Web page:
Proceedings of the Annual RESNA Conference includes paper session presentations, both traditional and poster, containing papers presented by students of Electrical and Computer Engineering Students of UMass Lowell.
National Science Foundation "Engineering Senior Projects to Aid Persons with Disabilities" Year 2000 containing papers presented by students of Electrical and Computer Engineering Students of UMass Lowell.
Articles published in leading newspapers about the Assistive Technology Program in University of Massachusetts Lowell.
DESIGNER LANDS AWARD FOR VOICE-ACTIVATED WHEELCHAIR
Published on 02/28/1999, Boston Globe Northwest Weekly.
LOWELL - A Lowell graduate student with a taste for challenges has developed a voice-operated wheelchair that he hopes will change the lives of quadriplegics. Walter McGuire and his project recently won the Student Design Competition of RESNA, the Rehabilitative Engineers' Society of North America. McGuire is a grad student in electrical and computer engineering at the University of Massachusetts at Lowell. He developed the device in conjunction with the school's Assistive technology program. " I' can't settle for anything that's been done," he said." It bores me." The Lowell resident developed a working prototype of a wheelchair that uses commercially available Digital Signal Processing technology. The system allows wheel-chair bound people to speak commands that will move their chairs forward, backward, left, right, soft left and soft right.
UMASS STUDENTS HELPING THE DISABLED TO COPE
Published on 07/23/2000. Boston Globe Northwest Weekly.
LOWELL - Until some University of Massachusetts engineering students came along three years ago, Sam Afroh, a quadriplegic, had more than his share of frustration. "I was a prisoner in my own house," said Afroh, 50, a former Wang Labs systems analyst severely injured in a 1991 auto accident. "If my son was at school, I'd be sitting in the dark until he came back. Once I had to call 911 to have the police turn my air conditioning on," he said by phone from his Lowell apartment. UMass students at the campus have invented a number of devices to aid the handicapped as a part of their Assistive technology classes.
UMASS LOWELL STUDENT'S WHEELCHAIR LETS SOUND ACCOMPLISH WHAT ARMS CAN'T
Published on 05/11/1998. The Sun, Lowell, Massachusetts.
LOWELL - UMass Lowell engineering student Walter McGuire, and Don Connolly, a quadriplegic who acts as a consultant, hope to have a voice activated wheelchair available for general use within a few years. The voice operated wheelchair is operated by the sound of the programmed user's voice, which is fed by a microphone through a Digital Signal Processing (DSP) unit to a converter circuit. "This is Walter's project ," Clark says. "He's been very focused on it. And we're planning to use DSP technology in other projects." Clark has students working to create a voice-activated hospital bed and voice-activated pinball game for disabled children.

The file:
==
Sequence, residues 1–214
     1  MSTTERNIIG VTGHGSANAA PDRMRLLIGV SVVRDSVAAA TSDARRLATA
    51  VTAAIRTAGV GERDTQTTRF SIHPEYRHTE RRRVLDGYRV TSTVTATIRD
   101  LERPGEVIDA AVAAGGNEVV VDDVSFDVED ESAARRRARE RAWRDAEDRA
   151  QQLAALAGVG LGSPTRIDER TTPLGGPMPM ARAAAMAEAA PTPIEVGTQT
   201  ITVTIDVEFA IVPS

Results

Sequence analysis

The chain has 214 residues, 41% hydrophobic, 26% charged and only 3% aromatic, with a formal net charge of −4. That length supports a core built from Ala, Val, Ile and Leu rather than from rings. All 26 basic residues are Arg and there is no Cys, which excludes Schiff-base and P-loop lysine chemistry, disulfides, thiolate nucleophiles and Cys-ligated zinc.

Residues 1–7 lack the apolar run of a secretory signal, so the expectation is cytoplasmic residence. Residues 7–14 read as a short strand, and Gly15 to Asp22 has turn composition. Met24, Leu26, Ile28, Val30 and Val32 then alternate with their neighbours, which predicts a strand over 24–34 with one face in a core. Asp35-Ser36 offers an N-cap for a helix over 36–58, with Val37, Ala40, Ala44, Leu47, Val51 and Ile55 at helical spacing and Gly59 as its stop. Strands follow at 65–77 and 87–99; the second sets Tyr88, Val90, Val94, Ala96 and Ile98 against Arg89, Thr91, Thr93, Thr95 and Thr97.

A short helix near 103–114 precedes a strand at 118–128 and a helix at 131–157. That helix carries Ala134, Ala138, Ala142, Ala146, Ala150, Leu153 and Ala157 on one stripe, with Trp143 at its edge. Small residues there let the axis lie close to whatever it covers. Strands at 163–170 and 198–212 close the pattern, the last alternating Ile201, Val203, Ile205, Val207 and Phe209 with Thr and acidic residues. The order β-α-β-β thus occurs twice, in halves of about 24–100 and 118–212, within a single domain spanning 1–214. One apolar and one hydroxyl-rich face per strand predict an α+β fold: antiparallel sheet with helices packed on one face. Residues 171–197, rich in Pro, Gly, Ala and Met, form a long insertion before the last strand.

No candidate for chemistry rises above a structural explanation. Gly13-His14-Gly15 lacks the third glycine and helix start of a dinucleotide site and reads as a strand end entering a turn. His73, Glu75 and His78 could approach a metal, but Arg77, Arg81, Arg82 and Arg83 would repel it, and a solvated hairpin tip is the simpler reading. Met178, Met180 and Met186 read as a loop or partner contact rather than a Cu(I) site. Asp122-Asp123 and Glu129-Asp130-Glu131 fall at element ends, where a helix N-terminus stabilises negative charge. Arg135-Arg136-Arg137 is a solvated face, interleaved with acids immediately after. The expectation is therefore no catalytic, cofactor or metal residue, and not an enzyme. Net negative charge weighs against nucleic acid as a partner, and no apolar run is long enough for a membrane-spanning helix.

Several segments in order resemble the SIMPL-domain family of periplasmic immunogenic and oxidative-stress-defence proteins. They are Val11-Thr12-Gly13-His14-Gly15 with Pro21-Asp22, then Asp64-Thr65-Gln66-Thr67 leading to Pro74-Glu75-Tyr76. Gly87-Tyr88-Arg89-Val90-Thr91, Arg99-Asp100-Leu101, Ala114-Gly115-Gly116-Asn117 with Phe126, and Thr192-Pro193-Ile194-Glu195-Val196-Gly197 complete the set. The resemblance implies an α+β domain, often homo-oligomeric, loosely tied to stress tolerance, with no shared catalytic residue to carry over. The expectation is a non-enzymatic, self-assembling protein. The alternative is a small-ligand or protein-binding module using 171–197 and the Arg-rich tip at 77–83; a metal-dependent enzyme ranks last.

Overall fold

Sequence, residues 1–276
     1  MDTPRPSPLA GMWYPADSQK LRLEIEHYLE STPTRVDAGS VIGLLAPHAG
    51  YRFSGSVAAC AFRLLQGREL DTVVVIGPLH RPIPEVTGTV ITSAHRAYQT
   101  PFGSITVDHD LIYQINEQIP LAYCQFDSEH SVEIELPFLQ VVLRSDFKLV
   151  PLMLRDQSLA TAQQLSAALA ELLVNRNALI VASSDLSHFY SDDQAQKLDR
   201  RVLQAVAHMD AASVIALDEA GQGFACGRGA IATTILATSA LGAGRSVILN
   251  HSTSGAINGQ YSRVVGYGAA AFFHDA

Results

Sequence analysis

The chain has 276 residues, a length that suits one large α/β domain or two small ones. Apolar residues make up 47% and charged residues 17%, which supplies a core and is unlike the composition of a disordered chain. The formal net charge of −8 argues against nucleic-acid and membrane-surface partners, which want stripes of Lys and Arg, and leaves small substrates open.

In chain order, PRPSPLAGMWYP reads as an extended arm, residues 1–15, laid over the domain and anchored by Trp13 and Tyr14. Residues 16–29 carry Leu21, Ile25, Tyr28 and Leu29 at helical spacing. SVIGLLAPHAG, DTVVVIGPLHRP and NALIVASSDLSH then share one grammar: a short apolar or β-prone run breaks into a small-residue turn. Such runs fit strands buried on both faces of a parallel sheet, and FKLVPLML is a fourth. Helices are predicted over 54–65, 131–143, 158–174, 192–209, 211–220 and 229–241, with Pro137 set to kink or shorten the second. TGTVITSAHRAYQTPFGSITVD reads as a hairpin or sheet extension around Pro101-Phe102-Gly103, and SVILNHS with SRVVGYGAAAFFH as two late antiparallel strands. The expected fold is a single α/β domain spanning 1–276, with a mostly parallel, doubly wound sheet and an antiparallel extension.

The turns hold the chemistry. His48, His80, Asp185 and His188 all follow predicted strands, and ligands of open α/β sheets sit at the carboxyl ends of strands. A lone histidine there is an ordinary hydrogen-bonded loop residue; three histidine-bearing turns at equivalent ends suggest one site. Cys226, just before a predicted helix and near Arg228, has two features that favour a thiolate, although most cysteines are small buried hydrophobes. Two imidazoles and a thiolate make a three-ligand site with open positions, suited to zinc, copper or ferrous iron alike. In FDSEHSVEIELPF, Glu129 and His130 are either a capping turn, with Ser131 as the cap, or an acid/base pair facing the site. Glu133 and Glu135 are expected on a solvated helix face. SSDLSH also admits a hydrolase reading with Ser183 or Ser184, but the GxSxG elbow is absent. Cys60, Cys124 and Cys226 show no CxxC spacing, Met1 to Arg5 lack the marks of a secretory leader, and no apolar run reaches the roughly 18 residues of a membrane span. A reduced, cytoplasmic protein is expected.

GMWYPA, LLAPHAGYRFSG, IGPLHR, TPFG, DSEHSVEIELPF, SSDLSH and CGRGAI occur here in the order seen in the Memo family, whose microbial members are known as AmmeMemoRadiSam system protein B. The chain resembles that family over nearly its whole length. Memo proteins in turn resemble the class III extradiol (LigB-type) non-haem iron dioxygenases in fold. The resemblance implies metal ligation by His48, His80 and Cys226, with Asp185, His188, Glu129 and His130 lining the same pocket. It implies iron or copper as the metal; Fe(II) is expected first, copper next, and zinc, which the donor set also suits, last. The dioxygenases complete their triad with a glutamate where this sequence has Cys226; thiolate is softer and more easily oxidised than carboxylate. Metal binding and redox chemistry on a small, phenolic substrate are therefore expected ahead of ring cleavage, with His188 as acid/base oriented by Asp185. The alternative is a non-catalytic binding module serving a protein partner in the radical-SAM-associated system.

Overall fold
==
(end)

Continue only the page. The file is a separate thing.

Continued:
LENDING A HELPING HAND WITH HIGH TECH: UMass Lowell students apply their know-how to help a quadriplegic lead a more independent life.
Published on 06/01/1997. The Sun, Lowell, Massachusetts.
LOWELL - Students from the University of Massachusetts - Lowell have installed a voice - activated computer system in paraplegic Sam Afroh's Lowell apartment that will help Afroh lead a more independent life. Life can change dramatically in just one second, or with just one action. Sam Afroh of Lowell has learned that lesson twice. The first time was on June 9, 1991, when Afroh severely injured his spine in a car accident. After the crash, the once-active systems analyst for Wang Laboratories- who used to travel the globe and enjoyed playing tournament tennis around the state - was a quadriplegic and was completely dependent on others. The second time was this past March 25, when electrical engineering students from the University of Massachusetts at Lowell installed a voice - activated computer system in Afroh's Lowell apartment. The Computer controls lights, heating, air conditioning, a ceiling fan and the television set. The members of UMass Lowell's Assistive technology program learned of the disabled man's plight , and a team of three students - Doug Thompson, Gregg Browinski , and Sean O' Connell - set to work on a senior project that would change Afroh's life.
STUDENTS HELP BUILD INDEPENDENCE
Published on 01/30/1993. Boston Globe Metro Region.
LOWELL - Jozef Parr is a friendly 22-year-old year resident who is blind, with Down's Syndrome , and has a passion for classical music. Previously, his handicaps interfered with his enjoyment of music. But no more. He is anxiously awaiting the promised delivery next week of a specially built stereo cassette player that will allow him to play his favorite Beethoven and Bach symphonies without worrying about the touching the wrong dial or pushing the wrong button. Ed Barnes , a participant in an innovative program at the University of Massachusetts at Lowell in which electrical engineering students build electronic devices for handicapped and disabled people in exchange for their senior lab course credit, upgraded the stereo with an adaptive remote control unit with customized switches that will allow Parr to turn the system on and off, set volume levels, and select tapes to play.